With the continuing increase of skin cancer, general dermatology patients should be offered the opportunity of having their moles checked and skin screened for skin cancer.
General Dermatology including Acne
Acne is a common problem that is usually self limiting. Simple treatments are often effective and, when relevant, local treatments together with skin peels are advised.
For more severe diseases the need to investigate for underlying hormonal imbalance needs to be considered.
Treatment options range from dietary intervention and advice on facial products through to Isotretinoin/Roaccutane.
Paediatric Dermatology especially Eczema
Although most children would be expected to grow out of eczema, when active the distress caused by eczema is considerable with sleepless nights leaving both child and parents exhausted.
As well as creams and ointments, dermatologists work with allergists and paediatric dietitians to identify and address the factors that trigger the condition.
Allergy Testing for Eczema
Patients whose eczema has not responded to treatment are offered allergy patch testing to ensure there is nothing coming into contact with their skin that is causing or aggravating their eczema.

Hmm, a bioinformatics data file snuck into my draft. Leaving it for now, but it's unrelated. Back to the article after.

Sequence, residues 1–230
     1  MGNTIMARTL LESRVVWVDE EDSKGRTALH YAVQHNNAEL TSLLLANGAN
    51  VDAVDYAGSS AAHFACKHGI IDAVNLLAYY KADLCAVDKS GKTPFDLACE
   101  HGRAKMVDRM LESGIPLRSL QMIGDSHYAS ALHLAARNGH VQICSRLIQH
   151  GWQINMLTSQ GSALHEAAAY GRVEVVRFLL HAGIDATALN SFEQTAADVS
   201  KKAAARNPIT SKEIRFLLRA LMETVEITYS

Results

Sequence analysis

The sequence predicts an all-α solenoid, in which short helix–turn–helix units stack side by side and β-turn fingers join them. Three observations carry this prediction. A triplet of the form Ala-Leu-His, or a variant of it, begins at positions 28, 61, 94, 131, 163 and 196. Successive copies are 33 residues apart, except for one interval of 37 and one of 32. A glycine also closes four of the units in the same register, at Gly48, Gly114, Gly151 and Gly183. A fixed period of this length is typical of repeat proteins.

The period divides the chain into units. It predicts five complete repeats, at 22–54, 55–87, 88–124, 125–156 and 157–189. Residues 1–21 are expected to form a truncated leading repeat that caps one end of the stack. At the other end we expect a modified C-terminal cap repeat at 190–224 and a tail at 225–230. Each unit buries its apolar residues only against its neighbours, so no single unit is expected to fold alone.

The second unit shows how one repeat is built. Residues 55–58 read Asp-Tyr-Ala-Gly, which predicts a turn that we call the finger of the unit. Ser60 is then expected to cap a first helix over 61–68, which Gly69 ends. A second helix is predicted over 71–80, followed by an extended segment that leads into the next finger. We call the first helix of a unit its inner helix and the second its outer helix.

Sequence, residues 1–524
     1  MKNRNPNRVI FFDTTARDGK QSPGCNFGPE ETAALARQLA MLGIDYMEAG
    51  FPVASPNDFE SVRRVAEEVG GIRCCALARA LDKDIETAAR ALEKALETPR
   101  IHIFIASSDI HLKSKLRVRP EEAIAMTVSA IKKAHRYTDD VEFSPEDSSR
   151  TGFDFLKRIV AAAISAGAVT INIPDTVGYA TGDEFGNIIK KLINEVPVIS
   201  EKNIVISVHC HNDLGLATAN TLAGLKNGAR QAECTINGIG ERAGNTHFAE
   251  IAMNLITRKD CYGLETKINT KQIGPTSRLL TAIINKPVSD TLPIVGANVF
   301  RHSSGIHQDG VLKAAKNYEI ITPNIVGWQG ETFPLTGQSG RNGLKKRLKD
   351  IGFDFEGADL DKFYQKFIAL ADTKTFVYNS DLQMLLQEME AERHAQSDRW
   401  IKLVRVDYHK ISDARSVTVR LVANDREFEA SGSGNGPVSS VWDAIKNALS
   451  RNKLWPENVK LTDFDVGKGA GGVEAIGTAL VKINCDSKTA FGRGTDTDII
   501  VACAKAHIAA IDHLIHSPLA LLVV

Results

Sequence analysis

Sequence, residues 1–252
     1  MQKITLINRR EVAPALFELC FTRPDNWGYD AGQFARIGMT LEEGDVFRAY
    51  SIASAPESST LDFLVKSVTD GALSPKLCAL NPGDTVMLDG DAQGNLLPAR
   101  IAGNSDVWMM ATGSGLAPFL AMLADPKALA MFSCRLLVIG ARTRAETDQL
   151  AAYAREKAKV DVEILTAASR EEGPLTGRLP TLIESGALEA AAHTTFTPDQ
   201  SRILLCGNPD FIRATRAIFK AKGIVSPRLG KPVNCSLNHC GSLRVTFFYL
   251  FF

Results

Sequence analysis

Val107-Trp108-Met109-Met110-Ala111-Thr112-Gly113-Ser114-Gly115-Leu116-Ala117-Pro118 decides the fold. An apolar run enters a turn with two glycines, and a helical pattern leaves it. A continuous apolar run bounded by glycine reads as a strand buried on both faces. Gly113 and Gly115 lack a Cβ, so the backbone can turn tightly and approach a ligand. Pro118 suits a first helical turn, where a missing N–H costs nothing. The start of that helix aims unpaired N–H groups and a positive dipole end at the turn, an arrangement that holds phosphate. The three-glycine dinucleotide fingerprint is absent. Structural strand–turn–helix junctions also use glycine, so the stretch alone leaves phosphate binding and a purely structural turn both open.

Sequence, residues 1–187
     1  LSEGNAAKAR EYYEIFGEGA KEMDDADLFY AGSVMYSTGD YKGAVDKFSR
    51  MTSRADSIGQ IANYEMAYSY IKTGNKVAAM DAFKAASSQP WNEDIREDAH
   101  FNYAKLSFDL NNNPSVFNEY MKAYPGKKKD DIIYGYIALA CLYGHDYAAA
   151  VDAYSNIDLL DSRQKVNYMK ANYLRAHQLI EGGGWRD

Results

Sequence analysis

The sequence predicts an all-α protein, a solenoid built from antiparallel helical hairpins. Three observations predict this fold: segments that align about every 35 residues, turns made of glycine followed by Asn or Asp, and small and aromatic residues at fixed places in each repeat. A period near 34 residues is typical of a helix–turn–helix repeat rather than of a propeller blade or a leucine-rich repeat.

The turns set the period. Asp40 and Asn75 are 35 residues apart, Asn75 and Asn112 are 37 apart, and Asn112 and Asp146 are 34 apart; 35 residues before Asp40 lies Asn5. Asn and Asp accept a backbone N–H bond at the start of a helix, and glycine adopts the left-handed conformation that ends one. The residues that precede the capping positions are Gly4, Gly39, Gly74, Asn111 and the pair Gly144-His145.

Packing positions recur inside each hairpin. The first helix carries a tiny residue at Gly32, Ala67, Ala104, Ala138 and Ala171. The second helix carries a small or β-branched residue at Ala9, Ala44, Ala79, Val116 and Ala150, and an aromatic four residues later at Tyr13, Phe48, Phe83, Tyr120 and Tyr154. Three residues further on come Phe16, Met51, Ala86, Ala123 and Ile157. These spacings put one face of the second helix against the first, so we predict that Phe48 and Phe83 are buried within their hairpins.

Patch testing is a useful tool in identifying allergens that cause eczema.
Skin cancer is on the rise. Patients are encouraged to have their skin checked for abnormal moles, signs of sun damage or skin cancer.
It is now recognized that sun exposure over a life time, especially sun burn in early childhood, is an important risk factor in the development of skin cancer.
Most skin cancers are no more than a nuisance however melanomas and cancerous moles have the potential to spread and cause wide spread disease.
A new or changing mole should prompt an urgent referral to a dermatologist.
Patients with multiple or irregular moles are more at risk of developing melanomas and are encouraged to have their moles accurately photographed, to assist monitoring change over time.
Minor procedures are often undertaken by your dermatologist. Patients requiring more complex surgery will be asked to attend a hospital.
Examples of benign skin lesions treated usually include:
- Skin tags
- Seborrhoeic warts
- Campbell de Morgan spots
- Sun/Liver spots
- Lipomas, fatty lumps
Many women are troubled by vulval itch, pain and discomfort, symptoms that are often mistakenly attributed to thrush/Candida.
By taking a thorough history, examining the patient and if necessary performing a biopsy the cause of symptoms can usually be established and appropriate treatment instigated.
They are able to diagnose and thus appropriately treat facial blemishes/pigmentation from age spots through to hormonal pigmentation/melasma. Troublesome skin lesions such as skin tags, milia and seborrhoea can easily be removed.
Further skin clarity and rejuvenation can be achieved through the use of skin peels and skin needling together with lasers.
Botulinum toxin (Botox®) treatments and the judicious use of fillers complement her approach, designed to achieve a healthy natural looking appearance.